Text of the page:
Pluralistic: 25 Jul 2020

Today's links

US copyright is a disaster for Mexico (permalink)

When Donald Trump tore up NAFTA and replaced it with the USMCA, Canada took it as an occasion to correct errors in its copyright law – defects that undermined free expression, privacy, cybersecurity and competition.

Mexico could have done the same. Instead, it rushed through a brutal copy-and-paste of the US copyright system (with Hecho en Mexico – but lobbied by US business- additions that make it even worse).

Mexico's new copyright law is a disaster, with DRM rules that are even more onerous than US versions, providing for criminal penalties for bypassing copyright locks even if no copyright violation takes place.

That compromises cybersecurity, repair, adaptation for people with disabilities and competition, putting Mexican people and Mexican businesses at a permanent disadvantage relative to their US and Canadian counterparts.

Just as bad are the copyright takedown rules, which do not allow a service provider to disregard obviously fraudulent claims designed to censor speech. Even LINKS are considered infringement under these rules!

As if that wasn't bad enough, the Mexican law mandates automated filters for Mexico's internet, a move that will subject every online utterance of every Mexican to algorithmic black-box censorship.

These filters cost hundreds of millions of dollars – kiss goodbye any hope of a Mexican competitor to US Big Tech ever emerging – and are catastrophic to free expression.

We have until the end of the month to convince Mexico's National Human Rights Commission to overturn this terrible law. Here's a petition that Mexicans can sign, courtesy of R3D.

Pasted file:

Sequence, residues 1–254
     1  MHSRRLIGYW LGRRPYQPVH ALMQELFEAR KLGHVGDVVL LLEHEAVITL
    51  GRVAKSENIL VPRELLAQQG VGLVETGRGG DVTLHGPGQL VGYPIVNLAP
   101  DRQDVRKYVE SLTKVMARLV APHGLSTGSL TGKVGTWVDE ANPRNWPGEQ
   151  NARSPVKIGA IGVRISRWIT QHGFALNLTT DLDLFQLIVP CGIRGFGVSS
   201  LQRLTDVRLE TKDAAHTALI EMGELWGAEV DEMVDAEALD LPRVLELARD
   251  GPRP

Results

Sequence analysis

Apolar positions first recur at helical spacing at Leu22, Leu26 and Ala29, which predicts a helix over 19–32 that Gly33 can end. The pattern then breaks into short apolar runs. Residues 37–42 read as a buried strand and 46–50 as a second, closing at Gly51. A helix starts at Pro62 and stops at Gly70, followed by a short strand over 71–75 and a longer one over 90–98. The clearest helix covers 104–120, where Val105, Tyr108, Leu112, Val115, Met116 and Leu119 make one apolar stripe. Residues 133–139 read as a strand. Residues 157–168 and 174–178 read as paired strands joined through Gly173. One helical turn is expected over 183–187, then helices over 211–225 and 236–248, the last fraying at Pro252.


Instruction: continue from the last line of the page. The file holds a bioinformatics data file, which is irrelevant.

Do Androids Dream of Electric Cars (permalink)

On Aug 4, I'll be joining James Wilt to talk about his new book "Do Androids Dream of Electric Cars? Public Transit in the Age of Google, Uber, and Elon Musk" – it's part of Toronto's annual Word on the Street festival.

Here's the description: "For North American cities built around cars, public transportation was already in crisis. So what happens when a tech giant enters the transit ecosystem? Join us for this wide-ranging discussion about how transportation affects climate change, inequality, accessibility, safety, labour issues, and information privacy. What should public transit look like in a green and equitable city?And what's needed for citizens to exert power over how cities are built and for whom?"

This stuff is basically my jam and Wilt's book (which I got in today's mail) looks amazing.